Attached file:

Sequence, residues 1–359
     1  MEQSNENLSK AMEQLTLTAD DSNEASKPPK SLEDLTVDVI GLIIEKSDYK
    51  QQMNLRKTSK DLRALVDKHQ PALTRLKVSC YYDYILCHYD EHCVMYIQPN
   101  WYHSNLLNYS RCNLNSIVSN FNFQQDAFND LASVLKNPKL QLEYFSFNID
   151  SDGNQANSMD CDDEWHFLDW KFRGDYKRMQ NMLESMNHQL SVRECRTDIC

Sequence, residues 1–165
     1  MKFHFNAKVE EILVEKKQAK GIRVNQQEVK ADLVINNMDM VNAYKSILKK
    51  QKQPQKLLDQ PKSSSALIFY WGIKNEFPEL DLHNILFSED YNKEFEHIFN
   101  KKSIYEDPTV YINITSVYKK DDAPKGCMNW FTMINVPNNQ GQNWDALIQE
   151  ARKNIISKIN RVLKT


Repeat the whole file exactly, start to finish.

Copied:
Sequence, residues 1–359
     1  MEQSNENLSK AMEQLTLTAD DSNEASKPPK SLEDLTVDVI GLIIEKSDYK
    51  QQMNLRKTSK DLRALVDKHQ PALTRLKVSC YYDYILCHYD EHCVMYIQPN
   101  WYHSNLLNYS RCNLNSIVSN FNFQQDAFND LASVLKNPKL QLEYFSFNID
   151  SDGNQANSMD CDDEWHFLDW KFRGDYKRMQ NMLESMNHQL SVRECRTDIC

Sequence, residues 1–165
     1  MKFHFNAKVE EILVEKKQAK GIRVNQQEVK ADLVINNMDM VNAYKSILKK
    51  QKQPQKLLDQ PKSSSALIFY WGIKNEFPEL DLHNILFSED YNKEFEHIFN
   101  KKSIYEDPTV YINITSVYKK DDAPKGCMNW FTMINVPNNQ GQNWDALIQE
   151  ARKNIISKIN RVLKT